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Good morning church!
Two weeks ago Su-Lin preached about salt, from Mark 9:50. “Have salt in yourselves, and be at peace with one another.” She talked about how we are called to be salty Christians and a salty church, and if you were not present, I urge you to read the transcript of that sermon off our mailing list or website. The salt metaphor is also used famously in the Sermon on the Mount, where Jesus calls all believers to be the salt of the earth and light of the world. I really love this metaphor, and it is here that I want to pick up from today.
I love salt. Instead of a sweet tooth I have a salty tooth. When I was younger and couldn’t find any snacks around the house to my liking, I would steal a pinch of salt from the kitchen and just lick it while watching my favourite cartoons. Now I just buy lots of Lay’s potato chips. Salt. Sodium Chloride. An essential for life. Have you ever wondered why salt is so important to human life? We all know too much of it causes hypertension, but do you know what exactly does it do in our bodies? Every electrical impulse generated in the nerves of the human body involves sodium. These impulses are called “action potentials”. It is by the exchange of sodium and other ions into and out from our cells that generates electricity. It is something so fundamentally essential to our every thought, feeling and action.
Does that put into a different perspective what it means to be a salty Christian? Who says Science and Religion cannot mix? Su-Lin offered us much on what we should do to be salty Christians and a salty church. It is here that I would like to add on by suggesting what that salt in us should be. The answer is probably obvious from the title: the Love of God.
Now before you roll your eyes and hit the off switch, allow me to explain. Normally, I would never ever go near a topic like that. I’d feel vastly inadequate to talk about something so powerful. But the inspiration to speak on this, and I truly feel it was an inspiration, came after a cell discussion Milo Van, my cell group, had one evening several weeks ago. The topic was Church, and Cynthia was leading. She shared with us an essay written by Henri Nouwen that Jaime had previously shared with her. It is titled “Moving from Solitude to Community to Ministry”. How many of you have read and remember what this essay says? This article moved me so much that today I beg your pardon as I break from our tradition of following the lectionary to base my message on it instead.
This is an article published by Henri Nouwen in 1995 in a Christian publication called the Leadership Journal. In it the author looks at the attitudes one must have in order to be in Christian Community, and the balance that is required to build a healthy one. He states that church should begin with God in solitude, then creating fellowship and community, and finally going out together as a community to heal and proclaim good news.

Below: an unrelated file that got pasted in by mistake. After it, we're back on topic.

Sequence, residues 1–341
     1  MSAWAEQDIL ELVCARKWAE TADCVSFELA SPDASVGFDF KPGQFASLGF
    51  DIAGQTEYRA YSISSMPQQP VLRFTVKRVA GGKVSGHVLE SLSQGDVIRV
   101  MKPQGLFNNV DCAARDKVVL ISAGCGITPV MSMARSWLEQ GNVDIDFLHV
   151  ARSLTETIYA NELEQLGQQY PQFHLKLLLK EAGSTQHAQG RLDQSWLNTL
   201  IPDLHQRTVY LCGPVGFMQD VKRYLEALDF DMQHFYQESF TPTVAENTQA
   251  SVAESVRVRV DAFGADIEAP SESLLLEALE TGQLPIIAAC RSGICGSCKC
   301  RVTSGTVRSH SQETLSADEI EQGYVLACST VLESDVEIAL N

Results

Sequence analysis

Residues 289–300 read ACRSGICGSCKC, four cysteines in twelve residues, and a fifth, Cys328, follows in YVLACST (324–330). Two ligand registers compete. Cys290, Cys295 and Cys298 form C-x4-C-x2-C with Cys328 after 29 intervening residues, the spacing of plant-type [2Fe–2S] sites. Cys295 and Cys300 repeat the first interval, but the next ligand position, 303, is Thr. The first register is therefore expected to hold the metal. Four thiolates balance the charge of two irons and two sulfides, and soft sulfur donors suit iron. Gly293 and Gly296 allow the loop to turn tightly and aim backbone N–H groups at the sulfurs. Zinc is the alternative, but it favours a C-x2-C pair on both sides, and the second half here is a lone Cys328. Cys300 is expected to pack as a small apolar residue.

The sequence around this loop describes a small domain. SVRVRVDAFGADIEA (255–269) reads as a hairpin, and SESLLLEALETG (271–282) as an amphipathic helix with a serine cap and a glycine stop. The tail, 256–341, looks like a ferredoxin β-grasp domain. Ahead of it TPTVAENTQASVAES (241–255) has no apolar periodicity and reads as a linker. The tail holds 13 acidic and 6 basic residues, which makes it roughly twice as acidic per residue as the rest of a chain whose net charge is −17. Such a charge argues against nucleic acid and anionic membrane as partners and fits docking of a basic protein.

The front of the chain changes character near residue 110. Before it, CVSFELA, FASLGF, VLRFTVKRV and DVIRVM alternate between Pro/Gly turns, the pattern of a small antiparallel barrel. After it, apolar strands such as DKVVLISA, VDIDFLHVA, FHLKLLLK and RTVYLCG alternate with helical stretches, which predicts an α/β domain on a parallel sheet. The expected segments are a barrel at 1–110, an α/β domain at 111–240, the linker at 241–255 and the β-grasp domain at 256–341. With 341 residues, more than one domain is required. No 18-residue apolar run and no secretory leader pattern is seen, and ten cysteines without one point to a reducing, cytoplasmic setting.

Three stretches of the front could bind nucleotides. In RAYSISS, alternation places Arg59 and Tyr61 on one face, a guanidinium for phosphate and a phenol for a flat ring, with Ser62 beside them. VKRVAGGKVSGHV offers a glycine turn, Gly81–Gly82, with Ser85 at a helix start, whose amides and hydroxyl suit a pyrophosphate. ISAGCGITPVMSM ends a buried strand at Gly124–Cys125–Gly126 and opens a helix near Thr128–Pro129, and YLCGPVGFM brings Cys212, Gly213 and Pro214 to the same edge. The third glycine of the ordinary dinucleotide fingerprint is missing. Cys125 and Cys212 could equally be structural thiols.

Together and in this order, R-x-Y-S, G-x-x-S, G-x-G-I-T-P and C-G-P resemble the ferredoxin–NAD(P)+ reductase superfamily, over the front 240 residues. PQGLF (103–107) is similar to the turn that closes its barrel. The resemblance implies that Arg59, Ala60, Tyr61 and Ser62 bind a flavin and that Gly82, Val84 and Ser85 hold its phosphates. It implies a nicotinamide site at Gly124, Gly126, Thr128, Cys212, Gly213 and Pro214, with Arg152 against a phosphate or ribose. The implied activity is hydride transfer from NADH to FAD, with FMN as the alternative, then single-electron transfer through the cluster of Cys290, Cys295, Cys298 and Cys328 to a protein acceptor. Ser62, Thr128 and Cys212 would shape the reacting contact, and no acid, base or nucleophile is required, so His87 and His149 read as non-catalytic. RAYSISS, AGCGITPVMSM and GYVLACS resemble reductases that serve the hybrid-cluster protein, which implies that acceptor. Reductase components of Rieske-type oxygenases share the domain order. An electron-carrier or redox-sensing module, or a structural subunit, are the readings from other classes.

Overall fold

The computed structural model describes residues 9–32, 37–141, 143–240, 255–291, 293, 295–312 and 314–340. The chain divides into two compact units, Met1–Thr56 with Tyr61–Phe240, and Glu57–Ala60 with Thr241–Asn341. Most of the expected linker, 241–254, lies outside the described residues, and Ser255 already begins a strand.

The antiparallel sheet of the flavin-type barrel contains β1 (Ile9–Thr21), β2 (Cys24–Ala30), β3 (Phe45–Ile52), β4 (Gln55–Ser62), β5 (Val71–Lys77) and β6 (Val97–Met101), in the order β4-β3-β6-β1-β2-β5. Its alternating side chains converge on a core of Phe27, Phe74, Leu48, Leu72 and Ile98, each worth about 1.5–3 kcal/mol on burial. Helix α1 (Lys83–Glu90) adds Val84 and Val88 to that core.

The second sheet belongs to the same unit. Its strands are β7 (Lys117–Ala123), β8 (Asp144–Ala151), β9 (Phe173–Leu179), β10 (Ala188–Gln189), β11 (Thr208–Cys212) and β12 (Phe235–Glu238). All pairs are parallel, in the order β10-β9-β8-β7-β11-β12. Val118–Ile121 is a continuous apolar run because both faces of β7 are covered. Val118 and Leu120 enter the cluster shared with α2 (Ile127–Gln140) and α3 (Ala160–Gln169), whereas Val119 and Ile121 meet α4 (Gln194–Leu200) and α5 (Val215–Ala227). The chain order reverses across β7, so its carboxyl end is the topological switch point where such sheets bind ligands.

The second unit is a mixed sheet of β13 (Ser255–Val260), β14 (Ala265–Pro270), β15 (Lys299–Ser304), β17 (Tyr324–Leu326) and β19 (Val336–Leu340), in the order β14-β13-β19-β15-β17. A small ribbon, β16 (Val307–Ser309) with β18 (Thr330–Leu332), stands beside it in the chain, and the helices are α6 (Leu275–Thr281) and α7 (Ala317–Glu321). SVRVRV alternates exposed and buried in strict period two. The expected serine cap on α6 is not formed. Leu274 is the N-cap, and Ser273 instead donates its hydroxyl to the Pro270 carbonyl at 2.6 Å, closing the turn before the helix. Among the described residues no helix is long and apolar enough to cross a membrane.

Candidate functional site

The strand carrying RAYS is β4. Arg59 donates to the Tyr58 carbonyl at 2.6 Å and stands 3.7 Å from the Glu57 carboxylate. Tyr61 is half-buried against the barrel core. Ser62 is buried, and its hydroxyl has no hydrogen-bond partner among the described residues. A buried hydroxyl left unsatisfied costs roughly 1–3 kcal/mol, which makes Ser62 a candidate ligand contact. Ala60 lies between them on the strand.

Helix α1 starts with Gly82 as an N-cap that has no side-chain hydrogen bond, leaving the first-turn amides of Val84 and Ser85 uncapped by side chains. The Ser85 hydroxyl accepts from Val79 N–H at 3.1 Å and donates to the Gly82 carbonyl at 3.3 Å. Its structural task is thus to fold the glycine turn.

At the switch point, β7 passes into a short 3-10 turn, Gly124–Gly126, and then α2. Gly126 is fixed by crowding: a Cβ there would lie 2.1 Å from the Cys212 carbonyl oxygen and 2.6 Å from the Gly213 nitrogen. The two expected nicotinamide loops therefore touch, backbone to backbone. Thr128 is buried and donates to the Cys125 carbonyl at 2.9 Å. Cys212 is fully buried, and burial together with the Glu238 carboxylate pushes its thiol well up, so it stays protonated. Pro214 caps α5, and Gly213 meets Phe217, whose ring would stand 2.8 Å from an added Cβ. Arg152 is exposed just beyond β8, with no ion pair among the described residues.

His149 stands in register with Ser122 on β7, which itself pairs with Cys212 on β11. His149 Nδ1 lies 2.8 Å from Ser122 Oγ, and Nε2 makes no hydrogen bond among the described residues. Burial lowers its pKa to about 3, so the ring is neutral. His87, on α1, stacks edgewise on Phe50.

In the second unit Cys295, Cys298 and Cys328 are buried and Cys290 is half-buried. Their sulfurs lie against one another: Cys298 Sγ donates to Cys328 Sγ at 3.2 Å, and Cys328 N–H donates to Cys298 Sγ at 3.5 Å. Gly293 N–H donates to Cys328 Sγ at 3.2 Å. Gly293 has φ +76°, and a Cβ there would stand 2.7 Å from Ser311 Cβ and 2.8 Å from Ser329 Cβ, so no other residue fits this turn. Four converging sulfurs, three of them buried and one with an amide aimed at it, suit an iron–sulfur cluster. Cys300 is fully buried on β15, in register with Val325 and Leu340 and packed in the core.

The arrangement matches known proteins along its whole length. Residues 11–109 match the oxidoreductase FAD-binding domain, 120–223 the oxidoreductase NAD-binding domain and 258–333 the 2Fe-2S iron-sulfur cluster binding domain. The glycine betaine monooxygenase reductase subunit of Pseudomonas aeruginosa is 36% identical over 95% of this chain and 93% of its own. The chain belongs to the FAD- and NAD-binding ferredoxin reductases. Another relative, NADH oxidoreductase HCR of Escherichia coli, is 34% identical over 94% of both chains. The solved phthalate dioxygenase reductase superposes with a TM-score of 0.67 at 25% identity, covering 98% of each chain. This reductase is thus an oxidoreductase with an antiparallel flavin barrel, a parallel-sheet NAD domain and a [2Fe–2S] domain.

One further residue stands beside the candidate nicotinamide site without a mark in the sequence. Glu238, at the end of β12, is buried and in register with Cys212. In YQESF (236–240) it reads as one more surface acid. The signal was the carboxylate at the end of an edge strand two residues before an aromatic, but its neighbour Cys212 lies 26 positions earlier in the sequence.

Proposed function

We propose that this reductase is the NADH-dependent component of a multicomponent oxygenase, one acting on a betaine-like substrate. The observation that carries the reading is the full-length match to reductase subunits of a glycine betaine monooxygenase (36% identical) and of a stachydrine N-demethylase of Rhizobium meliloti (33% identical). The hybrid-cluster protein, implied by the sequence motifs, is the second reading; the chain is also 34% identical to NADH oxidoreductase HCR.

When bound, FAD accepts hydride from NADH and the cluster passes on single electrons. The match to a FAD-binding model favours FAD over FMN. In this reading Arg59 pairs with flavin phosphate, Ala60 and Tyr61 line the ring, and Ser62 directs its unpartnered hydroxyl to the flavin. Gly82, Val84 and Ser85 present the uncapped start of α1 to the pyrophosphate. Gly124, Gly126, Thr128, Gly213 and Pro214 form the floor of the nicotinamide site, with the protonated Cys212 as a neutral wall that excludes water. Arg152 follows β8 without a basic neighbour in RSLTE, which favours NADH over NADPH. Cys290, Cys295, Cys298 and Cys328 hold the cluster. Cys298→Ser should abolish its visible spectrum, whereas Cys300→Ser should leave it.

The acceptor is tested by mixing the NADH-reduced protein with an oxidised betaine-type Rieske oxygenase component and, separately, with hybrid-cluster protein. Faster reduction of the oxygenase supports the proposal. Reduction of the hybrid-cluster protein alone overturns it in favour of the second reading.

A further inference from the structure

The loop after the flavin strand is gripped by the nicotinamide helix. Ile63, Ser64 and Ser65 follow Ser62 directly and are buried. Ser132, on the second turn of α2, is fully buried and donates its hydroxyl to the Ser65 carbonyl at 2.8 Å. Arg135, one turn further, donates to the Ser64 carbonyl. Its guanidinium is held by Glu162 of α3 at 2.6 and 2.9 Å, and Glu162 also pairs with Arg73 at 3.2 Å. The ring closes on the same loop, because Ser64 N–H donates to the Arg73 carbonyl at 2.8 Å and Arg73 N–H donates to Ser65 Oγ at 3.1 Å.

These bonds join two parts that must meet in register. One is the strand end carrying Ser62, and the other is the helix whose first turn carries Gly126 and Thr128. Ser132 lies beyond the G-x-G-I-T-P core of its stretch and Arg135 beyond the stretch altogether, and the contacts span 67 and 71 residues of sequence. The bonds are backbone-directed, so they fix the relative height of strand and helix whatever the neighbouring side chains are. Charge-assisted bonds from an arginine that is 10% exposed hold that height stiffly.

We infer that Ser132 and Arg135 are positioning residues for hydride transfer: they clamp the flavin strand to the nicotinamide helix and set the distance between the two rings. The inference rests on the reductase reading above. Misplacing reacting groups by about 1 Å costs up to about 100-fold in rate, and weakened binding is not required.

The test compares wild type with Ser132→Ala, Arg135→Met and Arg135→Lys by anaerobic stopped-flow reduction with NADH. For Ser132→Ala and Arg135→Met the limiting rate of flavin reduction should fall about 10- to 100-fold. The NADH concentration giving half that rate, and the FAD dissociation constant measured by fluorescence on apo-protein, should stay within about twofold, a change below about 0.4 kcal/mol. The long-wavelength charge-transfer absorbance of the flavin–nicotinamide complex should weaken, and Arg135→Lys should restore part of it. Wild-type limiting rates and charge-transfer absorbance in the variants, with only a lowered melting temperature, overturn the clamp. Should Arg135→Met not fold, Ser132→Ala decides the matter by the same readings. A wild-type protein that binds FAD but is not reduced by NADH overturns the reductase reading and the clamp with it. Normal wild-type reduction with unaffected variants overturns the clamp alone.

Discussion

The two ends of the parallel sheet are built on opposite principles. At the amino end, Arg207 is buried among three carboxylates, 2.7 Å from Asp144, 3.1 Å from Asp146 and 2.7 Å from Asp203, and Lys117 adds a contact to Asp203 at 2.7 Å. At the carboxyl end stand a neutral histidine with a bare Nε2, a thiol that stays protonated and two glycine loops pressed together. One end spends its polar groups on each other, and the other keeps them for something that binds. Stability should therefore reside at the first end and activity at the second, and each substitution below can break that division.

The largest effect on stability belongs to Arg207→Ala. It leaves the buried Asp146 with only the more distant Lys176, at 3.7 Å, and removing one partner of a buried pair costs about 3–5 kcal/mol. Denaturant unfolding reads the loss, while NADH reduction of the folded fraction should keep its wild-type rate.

Christian discipleship begins with solitude. He writes:
“Solitude is being with God and God alone. Is there any space for that in your life?
Why is it so important that you are with God and God alone on the mountain top? It’s important because it’s the place in which you can listen to the voice of the One who calls you the beloved. To pray is to listen to the One who calls you “my beloved daughter,” “my beloved son,” “my beloved child.” To pray is to let that voice speak to the center of your being, to your guts, and let that voice resound in your whole being.”
It is no secret that we as a church pride ourselves on being intellectually and philosophically sound on our teachings. It perhaps stems from our examination of the six passages used to condemn homosexuality, and our approach to theology is built off that. We dig up Greek, Latin and Hebrew root words, compare concordances, discuss contextual irregularities and argue philosophy. Don’t get me wrong. Robust discussion is fine and good, and often necessary in interpreting scripture. But sometimes the feedback people give is that we’re missing the wood for the trees, and losing a few sheep who come through our gates along the way. We hide behind our intellect and rationalisations, and attempt to deduce with our minds that God loves us. We then say that we know God’s love. But do we truly believe it?
Do you believe it when the Bible says He will feed you just as he feeds the ravens, and dress you just as he clothes the grass and the flowers? Do you believe it when He says that His plans for you are good, to prosper you and not to harm you? Are you secure in the thought that the love of God will guard your hearts and minds in Christ? Can you see yourself in the shoes of the prodigal son or daughter, or is it just another nice bedtime parable?
For the longest time I hadn’t the slightest idea what ravens, flowers or grass had to do with my life. I never quite understood what that passage was driving at. The fact is that in a world so focused on productivity and outcomes, a concept like the love of God does strike as a tad abstract. It’s not that we as a church have not been preaching this piece of good news. Our message of inclusivity, diversity, acceptance, rejection of discrimination and marginalisation, is all about expressing the love of God, except hidden behind many big and just as abstract words.